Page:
Ice protection walls
In addition to dredging, Rosatom and the Hydrographical Company is also engaged in the building of sea-ice protection walls that are to help aid ships safely through the icy waters of the Ob Bay.
Two protection walls with a length of 1,3 and 3,1 km respectively are to be built, Benkert says. They will consist of pipes with a diameter of up to 2,5 meters that will be stacked together, filled with concrete and plugged into the sea bottom.
The building of the walls will cost 80 billion rubles (€102 million) in the period until 2022, the company representative confirms.
The major industrial developments in the gulf now increasingly stir concern among environmentalists.
According to researchers at the Ural Institute of the Ecology of Flora and Fauna, the dredging could ultimately lead to the full extinction of several marine species unique to the region.
Institute research leader Vladimir Bogdanov explains to newspaper Pravda URFO that parts of the Ob Bay must remain untouched by the energy companies if the vulnerable fish stocks are to be preserved.
He especially points at the waters around Cape Trekhburny, an area where fresh waters from the Taz Bay flows into the Ob Bay.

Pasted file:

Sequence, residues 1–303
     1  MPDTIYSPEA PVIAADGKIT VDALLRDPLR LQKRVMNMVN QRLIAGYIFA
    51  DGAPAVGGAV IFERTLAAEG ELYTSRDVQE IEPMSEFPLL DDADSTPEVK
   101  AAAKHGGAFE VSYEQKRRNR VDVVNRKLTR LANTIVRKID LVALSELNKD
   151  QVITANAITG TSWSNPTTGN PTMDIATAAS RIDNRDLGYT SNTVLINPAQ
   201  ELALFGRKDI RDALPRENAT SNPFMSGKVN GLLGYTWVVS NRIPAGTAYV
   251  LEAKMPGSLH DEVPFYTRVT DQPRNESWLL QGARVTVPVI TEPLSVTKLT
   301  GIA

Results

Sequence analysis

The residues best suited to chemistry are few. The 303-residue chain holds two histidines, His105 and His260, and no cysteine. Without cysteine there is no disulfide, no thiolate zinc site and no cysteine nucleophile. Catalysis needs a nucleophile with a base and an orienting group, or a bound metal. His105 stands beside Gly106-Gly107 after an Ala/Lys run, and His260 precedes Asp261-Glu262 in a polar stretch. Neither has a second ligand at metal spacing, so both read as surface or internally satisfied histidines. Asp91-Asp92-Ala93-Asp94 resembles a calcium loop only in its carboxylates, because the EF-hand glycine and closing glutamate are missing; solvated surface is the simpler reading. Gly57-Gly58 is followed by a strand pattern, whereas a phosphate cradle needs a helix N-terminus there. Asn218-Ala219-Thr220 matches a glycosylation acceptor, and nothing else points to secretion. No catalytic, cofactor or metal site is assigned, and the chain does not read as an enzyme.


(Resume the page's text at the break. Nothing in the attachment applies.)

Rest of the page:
If dredging is conducted in this area it will be the end to the so-called semi-anadromous fish stocks in the area, he underlines.
“It means death for the semi-anadromous stocks of the Ob: neither the sturgeon, whitefish, smelt, nor freshwater cod will be no more. The precious kinds of fish in the Ob will vanish. It will be a huge loss, which actually can not be restored. The ecosystem will be completely changed,” he says to the newspaper.
According to Bogdanov, there was grave concern among researchers also for the dredging around Sabetta. However, here environmental consequences appeared less than anticipated.
In less vulnerable parts of the gulf, the local ecosystems will be able to repair themself in the course of a 5-year period, the researcher argues.
The environmental concern of the marine researchers will not end any time soon. The Gulf of Ob is currently among the most important areas of the Russian oil industry. Novatek is in the process of developing several grand projects in the area. After the Yamal LNG and the Arctic LNG 2 will come the Arctic LNG 3 and Arctic LNG 1, and Gazprom is in the process of planning for several other projects, including the Kamenno-Mysskoye field and the Semakovsky project.
Large-scale dredging across the shallow bay is a precondition for the developments and conflicts with environmental interests inevitable.
According to Bogdanov, representatives of the Russian icebreaker industry during an Arctic conference in late 2019 underlined that dredging across the vulnerable areas can not be avoided.
Among the projects that will need dredging is also the Novy Port, a field operated by Gazprom Neft. Deeper waters are needed to bring in bigger oil tankers to the project terminal near Cape Kamenny, the industry representatives told the researcher.